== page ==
As a young “nice Jewish girl” from Calabasas, to many people I am not the usual addict. Yet, still people do not want to hear what I have to say. They head nod me off until I shut up and then they give me the “not in my house” speech. Usually goes along the lines of my child gets great grades, they are in all AP’s, they are involved in extracurricular activities, we have Shabbat every Friday, or another excuse to make me believe they are perfect. But I too had all of those traits, yet I checked into rehab at 18 years old.

We all have issues. Every family is dysfunctional in its own way. The question is when do we stop leaving the dirty laundry at home and start talking about our problems? Judaism is rich in sources of comfort and teachings about the possibilities for change. When it comes to the social ills of our own, however, we often seem to prefer denial. People are coming into treatment younger and younger and from all different types of homes. But how can we stop it? My advice is to stop living in denial. Break the taboo and start talking about personal issues and stop hiding behind a mask. Learn how to cope in a healthy way with issues rather than just pretending they don’t exist. Without learning healthy coping mechanisms we turn to escaping through drugs, alcohol, gambling, shopping, work, food, etc. Addiction does not discriminate. If kids and adults believe that this disease CAN happen in their own backyard, they will become more aware of how their actions affect their lives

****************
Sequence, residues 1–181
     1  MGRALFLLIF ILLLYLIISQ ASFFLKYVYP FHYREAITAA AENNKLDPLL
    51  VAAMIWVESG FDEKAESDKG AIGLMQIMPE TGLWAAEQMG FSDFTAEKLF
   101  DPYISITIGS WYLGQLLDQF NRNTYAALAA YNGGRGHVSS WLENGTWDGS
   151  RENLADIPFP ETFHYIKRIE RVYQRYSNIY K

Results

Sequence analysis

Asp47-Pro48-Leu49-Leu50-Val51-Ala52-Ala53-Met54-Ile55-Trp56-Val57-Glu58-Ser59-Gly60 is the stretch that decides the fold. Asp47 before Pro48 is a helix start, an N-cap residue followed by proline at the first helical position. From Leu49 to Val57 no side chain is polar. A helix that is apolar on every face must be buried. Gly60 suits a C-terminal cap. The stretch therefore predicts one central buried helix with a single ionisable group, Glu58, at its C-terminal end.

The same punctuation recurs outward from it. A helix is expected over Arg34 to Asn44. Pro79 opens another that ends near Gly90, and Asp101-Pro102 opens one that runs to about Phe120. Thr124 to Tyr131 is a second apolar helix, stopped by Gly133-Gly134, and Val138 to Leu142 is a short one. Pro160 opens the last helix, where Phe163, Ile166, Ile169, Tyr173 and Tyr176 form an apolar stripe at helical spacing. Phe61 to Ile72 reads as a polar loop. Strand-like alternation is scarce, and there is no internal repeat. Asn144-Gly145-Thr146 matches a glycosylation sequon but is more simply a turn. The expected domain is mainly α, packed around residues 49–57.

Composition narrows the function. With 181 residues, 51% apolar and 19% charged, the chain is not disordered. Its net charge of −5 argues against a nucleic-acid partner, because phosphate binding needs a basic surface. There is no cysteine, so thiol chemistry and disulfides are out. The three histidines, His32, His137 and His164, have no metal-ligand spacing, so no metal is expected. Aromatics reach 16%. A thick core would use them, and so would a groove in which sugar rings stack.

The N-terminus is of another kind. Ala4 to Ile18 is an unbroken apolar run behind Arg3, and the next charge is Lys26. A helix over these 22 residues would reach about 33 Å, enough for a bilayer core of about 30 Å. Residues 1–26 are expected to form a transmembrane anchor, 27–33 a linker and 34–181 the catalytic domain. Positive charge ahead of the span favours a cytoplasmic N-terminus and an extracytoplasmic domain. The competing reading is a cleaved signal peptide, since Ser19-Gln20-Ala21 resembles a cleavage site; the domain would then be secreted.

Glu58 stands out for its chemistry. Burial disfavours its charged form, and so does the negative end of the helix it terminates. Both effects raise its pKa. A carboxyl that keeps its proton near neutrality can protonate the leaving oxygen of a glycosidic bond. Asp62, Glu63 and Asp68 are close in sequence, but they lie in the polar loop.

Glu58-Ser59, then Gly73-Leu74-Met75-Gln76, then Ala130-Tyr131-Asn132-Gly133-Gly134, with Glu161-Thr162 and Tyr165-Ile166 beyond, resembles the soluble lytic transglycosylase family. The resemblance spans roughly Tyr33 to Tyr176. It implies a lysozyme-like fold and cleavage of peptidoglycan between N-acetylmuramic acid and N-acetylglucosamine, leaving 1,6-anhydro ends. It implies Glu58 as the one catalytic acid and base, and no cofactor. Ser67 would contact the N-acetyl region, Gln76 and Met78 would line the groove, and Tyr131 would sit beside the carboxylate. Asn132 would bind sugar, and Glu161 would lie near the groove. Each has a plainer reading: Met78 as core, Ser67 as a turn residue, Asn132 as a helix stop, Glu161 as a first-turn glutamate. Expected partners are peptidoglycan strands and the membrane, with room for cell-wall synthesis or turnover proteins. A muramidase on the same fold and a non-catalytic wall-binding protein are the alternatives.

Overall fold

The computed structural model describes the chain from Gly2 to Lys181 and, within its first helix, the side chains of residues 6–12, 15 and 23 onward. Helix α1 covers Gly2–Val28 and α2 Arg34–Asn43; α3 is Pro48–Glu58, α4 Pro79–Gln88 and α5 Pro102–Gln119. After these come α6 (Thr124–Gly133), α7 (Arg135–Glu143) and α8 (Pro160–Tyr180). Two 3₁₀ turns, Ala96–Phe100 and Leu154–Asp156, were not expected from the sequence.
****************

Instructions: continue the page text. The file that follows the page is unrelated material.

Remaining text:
Bringing our troubles into the synagogue, telling our stories, it’s really what why we’re here. Sure, there are lots of reasons why people come to a synagogue. Some of us come to socialize, some for rituals, some for a sense of ethnicity, but at the core, it’s all about connection. Jewish philosopher Martin Buber wrote: “when two people relate to each other authentically and humanly, God is the electricity that surges between them.”